And I decided to change things again completely with Nina Simone at 4:00am. Hi-fi, super favourite, nice easy tempo. And I had 100% strike rate - everyone in the room dancing (which was about 30 or 40 people? I'm not sure). From here I was to hand over to the closing DJ, so I couldn't do much more than close up with a fun favourite. I really could have gone on a bit longer, I think, and had just begun to hit another wave of inspiration - "Blip Blip" could have gotten us to other, more interesting places - but that was the end of my set.

Then I wanted to dance and dance and dance and dance. The Squeeze was long gone by then - he was tired and had gone home to bed. But I was feeling all energised by a successful set, and thought I was the dancing queen. So I had some dances, proved - despite all that thinking - that I wasn't the dancing queen. And then I was taken home.
To Deb and Glen's home, where seven of us had toasted sandwiches and hot chocolate at about 6am. The Squeeze turned up with Chez who'd dropped home to pick up cheese (really), and he impressed people with his fleecy pajamas. Then Glen, Trev and I had a really lovely, nerdy music talk.

Then we went home as the sun came up and went to BED!

Some more things I've learnt about DJing at exchanges:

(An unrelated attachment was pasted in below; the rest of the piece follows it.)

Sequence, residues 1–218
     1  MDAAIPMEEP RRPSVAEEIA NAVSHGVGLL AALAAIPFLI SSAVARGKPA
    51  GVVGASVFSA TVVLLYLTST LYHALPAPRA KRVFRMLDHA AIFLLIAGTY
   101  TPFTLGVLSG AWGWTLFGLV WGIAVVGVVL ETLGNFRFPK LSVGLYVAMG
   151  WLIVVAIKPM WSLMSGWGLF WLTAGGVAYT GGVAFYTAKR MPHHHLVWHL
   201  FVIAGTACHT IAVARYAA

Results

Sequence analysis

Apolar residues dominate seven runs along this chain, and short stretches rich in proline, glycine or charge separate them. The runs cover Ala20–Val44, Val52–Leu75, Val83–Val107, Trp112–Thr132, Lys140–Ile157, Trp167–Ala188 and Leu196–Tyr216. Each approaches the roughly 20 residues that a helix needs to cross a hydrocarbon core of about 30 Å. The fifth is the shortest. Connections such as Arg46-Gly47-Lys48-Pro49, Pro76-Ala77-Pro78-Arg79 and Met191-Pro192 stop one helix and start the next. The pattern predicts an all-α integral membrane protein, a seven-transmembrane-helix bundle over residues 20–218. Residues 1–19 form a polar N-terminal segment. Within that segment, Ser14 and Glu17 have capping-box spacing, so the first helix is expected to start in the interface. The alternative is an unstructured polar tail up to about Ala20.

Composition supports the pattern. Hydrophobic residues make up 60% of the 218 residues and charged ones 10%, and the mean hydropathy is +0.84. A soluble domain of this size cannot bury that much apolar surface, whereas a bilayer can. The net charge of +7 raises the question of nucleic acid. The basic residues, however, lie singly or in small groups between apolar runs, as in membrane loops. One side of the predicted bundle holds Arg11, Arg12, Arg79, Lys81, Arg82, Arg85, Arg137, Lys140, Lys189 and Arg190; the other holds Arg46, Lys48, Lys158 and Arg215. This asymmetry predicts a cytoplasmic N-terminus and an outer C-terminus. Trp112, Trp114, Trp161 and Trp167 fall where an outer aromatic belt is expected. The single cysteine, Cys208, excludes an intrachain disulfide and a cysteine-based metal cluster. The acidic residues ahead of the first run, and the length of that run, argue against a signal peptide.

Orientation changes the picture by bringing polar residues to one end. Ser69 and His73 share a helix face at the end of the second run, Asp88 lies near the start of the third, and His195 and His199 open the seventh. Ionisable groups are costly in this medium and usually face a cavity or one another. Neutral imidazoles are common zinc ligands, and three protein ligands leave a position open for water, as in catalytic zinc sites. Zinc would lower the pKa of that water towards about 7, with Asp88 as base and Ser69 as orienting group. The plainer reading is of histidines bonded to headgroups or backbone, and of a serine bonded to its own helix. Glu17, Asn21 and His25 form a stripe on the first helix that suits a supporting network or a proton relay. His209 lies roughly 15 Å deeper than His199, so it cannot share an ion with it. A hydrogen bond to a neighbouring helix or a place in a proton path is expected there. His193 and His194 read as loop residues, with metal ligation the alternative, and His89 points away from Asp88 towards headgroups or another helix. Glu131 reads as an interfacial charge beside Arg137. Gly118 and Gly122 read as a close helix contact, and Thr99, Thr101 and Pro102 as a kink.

- the stuff that's old and boring at home isn't necessarily old and boring somewhere else. People at exchanges are from all over, and you can't be sure of what's cool in their home town (though it helps to know who there local DJs are and what they play). So songs like "Lavender Coffin", which I'm really sick of was new to the Perthlings. And "Cole Slaw", which is newish (ie new for new dancers and the groover crowd, old for people like me who learnt with old school teachers) for Melbourne is old for Perth.
- Perth DJs play a lot of scratch, so hi-fi was novel there. I had to be careful what I played, though - stuff that Melbourne kids would adore, Perthlings (especially Perthlings who'd been around for awhile) wouldn't like.
- The Squeeze reckons exchanges are the place to play safe favourites, because dancers are dancing with strangers and want each dance to be good. But I reckon it's also a place to experiment with more challenging stuff because you tend to have a more experienced crowd. Really, though, it's a combination of both, and depends on what time you play (that time slot was a really choice set), where you're playing, what the crowd is like and how the room feels.
- Having workshops affects how late people stay and how much energy they have. Workshosp can often leave people feeling trashed about their dancing, so 'safe' songs can be nice.
- Hullabaloo wasn't like MLX - it was a bit smaller and had more new dancers. At MLX you can really play the most hardcore stuff, because you have the most hardcore music. But Hullabaloo is a more mixed crowd. Having said that, Hullabaloo has a crowd of older dancers with more sophisticated taste - there's little they haven't heard and they want to be pushed.